Like any other concept in social sciences, there is no agreed upon definition for ‘well-being'. As a complex concept, well-being combines together what may constitute the individuals' optimal experience and functioning. Current research on well-being was initially derived from two main perspectives.1 The first one is the hedonic approach, which focuses on happiness, satisfaction with life, more positive affects and less negative affects and defines well-being in terms of attaining pleasures and avoiding pain (Bradburn, 1969; Diener & Suh, 1997; Lyubomirsky & Lepper, 1999; Kahneman, Diener, & Schwarz, 1999, Allin, 2007). The second one is the eudemonic approach, which focuses on meaning, human development and self-realization and defines well-being in terms of the degree to which a person is fully functioning (Rogers, 1961; Ryff, 1989; Waterman, 1993; The New Economic Foundation). Within the parameters of the hedonic approach, Bradburn (1969) emphasized the importance of psychological wellbeing or ‘happiness' which reflects the excess of positive affective over negative affect one might have.2 Similarly, Diener and Suh (1997) highlighted the cognitive sense of life satisfaction, pleasant affect, and unpleasant affect as three factors determining well- being.3 As a result, Allin (2007) finds that happiness, life satisfaction and quality of life, can be used interchangeably to refer to well-being.4 1 McAllister, F. (2012), Wellbeing Concepts and Challenges, the Sustainable Development Research Network 2 Bradburn, N. (1969). The structure of psychological well-being. Chicago: Aldine. 3 Diener, E., & Suh, E. (1997). Measuring quality of life: Economic, social, and subjective indicators. Social Indicators Research, 40 (1–2), 189–216. http://dx.doi.org/10.1023/A:1006859511756. 4 Allin P. (2007) Measuring Societal Wellbeing. Economic and Labour Market Review, 1:10. Submitted to PSA Conference 2016 Yasmin M. Khodary - the British University in Egypt On the other hand, Rogers (1961)5 and Ryff (1989) 6, who both follow the eudemonic approach, highlighted positive psychological functioning and human development. They pointed out autonomy, positive relationships, purposeful life; realization of potential and self-acceptance as the most important factors constituting well-being. The New Economic Foundation defines well- being as "the dynamic process that gives people a sense of how their lives are going, through the interaction between their circumstances, activities and psychological resources or ‘mental capital'."7 Again the same factors are emphasized in the World Health Organization definition of well-being as one's realization of his various potentials, whether physical, emotional, social, mental and spiritual ones. As a result and despite the various meanings of well-being, Dodge et al. (2012) concludes that well-being reflects the quality of people's lives through realization of several factors. These factors can be potentials as per the WHO definition or resources - as per Dodge et al. - which enable individuals to meet the various challenges they meet (e.g. physical or psychological resources).8 Some authors took the definition of well-being a step further to indicate what constitutes the well-being of the whole society not only single individuals. Within this line of authors, Ereaut and Whiting (2008) described well-being as what a group or groups of people collectively agree constitutes their ‘Good Life'.9 These authors believed while elements contributing to the 5 Rogers, C. (1961). On becoming a person. Boston: Houghton Mifflin. 6 Ryff, C. D. (1989). Happiness is everything, or is it? Explorations on the meaning of psychological well-being. Journal of Personality and Social Psychology, 57, 1069–1081. http://dx.doi.org/10.1037/0022-35184.108.40.2069. 7New Economics Foundation (2008). Five ways to well-being. NEF. Retrieved from: http://www.neweconomics.org/projects/entry/five-ways-to-well-being. 8 Dodge, R., Daly, A.P., Huyton, J. & Sanders L. D. (2012) The challenge of defining wellbeing. International Journal of Wellbeing, 2:3. 9 Ereat, G. and Whiting, R. (2008) What do we mean by ‘wellbeing'? And why might it matter? Linguistic Landscapes/ DCSF. Submitted to PSA Conference 2016 Yasmin M. Khodary - the British University in Egypt individual sense of well-being vary from an individual to another, there are some elements which the society identifies together as paramount for that particular society's well-being.10 Thomas (2009) stated that well-being is "intangible, difficult to define and even harder to measure".11 The national well-being reflects many dimensions of people's lives and goals, and is interlinked with quality of life, happiness, sustainability and economy. Thus, measuring well- being is even harder. Still, there were many attempts by countries and international organizations to measure well-being. Policy makers, scholars and scientists hoped that, like any set of indicators and assessments, well-being data and analyses can be used to inform policy and decision-making. For example, Save the Children has developed their multidimensional tool "the Child Development Index" to monitor countries' performance in relation to the well-being of their children. With this index, Save the Children aimed to ensure that governments are held accountable for the impact their policies and priorities have on their children.12 Well-being remains "complex, multi-faceted construct that has continued to elude researchers' attempts to define and measured" (Pollard & Lee, 2003, p. 60). The purpose of this paper is to explore what constitutes ‘well being' for the British society – as identified by the British Office of National Statistics - and assess the extent to which the well-being framework/index succeeded to inform public policies and decisions in the UK in order to conclude whether or not the well- being index or the ‘Good' was good enough for decision makers in UK. 10 Waldron, S. (2010) Measuring Subjective well-being in the UK. Available at: www.ons.gov.uk. 11 Thomas, J. (2009). Working paper: Current measures and the challenges of measuring children's wellbeing. Newport: Office for National Statistics. Submitted to PSA Conference 2016 Yasmin M. Khodary - the British University in Egypt Public Policy in the UK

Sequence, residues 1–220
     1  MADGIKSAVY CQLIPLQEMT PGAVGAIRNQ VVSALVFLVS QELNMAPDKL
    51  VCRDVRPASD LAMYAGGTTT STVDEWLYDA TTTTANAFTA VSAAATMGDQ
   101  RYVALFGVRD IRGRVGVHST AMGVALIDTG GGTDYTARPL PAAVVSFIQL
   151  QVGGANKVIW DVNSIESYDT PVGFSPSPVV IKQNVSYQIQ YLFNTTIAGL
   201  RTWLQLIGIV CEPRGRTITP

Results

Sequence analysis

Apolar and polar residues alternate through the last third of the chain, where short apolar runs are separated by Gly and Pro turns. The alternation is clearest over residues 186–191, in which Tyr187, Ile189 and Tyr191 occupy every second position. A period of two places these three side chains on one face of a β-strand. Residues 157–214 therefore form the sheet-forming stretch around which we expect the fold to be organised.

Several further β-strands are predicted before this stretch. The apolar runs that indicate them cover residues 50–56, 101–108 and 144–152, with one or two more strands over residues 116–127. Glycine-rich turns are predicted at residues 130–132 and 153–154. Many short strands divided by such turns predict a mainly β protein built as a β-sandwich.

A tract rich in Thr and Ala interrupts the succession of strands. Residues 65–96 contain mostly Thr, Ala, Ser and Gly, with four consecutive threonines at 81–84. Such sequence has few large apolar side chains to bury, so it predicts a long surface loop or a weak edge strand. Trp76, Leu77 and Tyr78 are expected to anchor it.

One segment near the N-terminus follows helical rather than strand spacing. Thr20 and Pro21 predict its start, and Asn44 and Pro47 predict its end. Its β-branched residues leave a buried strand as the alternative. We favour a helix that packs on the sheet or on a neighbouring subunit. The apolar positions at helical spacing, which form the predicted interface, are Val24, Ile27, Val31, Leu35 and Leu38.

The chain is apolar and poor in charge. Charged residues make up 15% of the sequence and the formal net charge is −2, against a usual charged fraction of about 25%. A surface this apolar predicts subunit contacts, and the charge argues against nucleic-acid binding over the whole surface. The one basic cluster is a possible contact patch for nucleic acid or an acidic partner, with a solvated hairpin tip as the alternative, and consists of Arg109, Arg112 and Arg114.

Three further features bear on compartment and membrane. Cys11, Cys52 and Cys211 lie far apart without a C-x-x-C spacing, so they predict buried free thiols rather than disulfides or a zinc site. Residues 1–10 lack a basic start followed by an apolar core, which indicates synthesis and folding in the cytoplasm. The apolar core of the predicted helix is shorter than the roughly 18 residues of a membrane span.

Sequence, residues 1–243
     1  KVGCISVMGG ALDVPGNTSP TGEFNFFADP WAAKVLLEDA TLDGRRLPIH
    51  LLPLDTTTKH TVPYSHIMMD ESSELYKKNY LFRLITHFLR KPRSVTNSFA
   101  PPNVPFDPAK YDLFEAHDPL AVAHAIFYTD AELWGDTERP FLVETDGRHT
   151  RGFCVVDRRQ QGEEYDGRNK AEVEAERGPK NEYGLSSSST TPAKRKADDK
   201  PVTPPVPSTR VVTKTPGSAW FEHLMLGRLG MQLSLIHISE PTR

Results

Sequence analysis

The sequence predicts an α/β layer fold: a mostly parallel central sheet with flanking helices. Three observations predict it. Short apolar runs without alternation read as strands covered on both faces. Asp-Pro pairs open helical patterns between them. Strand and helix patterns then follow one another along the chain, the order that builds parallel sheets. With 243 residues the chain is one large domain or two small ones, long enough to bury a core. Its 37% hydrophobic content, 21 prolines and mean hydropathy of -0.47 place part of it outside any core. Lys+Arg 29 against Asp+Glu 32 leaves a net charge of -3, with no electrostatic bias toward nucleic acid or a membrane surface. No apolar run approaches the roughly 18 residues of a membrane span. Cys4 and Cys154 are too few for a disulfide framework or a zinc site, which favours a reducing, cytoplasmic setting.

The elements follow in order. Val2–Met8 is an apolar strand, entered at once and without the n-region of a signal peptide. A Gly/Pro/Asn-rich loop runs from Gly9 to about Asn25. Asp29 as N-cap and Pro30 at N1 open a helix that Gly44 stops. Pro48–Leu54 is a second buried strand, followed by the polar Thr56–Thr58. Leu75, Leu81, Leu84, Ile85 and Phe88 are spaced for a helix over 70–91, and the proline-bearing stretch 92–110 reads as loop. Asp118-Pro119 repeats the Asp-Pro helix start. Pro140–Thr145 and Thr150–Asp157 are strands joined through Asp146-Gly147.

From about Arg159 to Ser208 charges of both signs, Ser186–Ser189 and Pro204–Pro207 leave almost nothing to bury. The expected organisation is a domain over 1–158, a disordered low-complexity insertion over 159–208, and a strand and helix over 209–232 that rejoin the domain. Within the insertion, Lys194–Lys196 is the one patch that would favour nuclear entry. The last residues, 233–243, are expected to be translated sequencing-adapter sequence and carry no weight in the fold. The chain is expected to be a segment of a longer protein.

According to Richards and Smith, public policy in the recent history of UK has passed through three phases. The first phase, which continued during late 1940s and 1950s, signified the Westminster Model where the government was perceived as the main actor in charge of public policy. The government would decide on any public policy it preferred or deemed suitable and the civil service would, accordingly, draft a relevant legislative bill. Subsequently, the government would approve the bill in the parliament and launch the implementation process. Despite that it consulted with some interest groups and pressure groups, it was the government values and the government image of a good society and good life that was pursued in that phase. A shift towards well-being in UK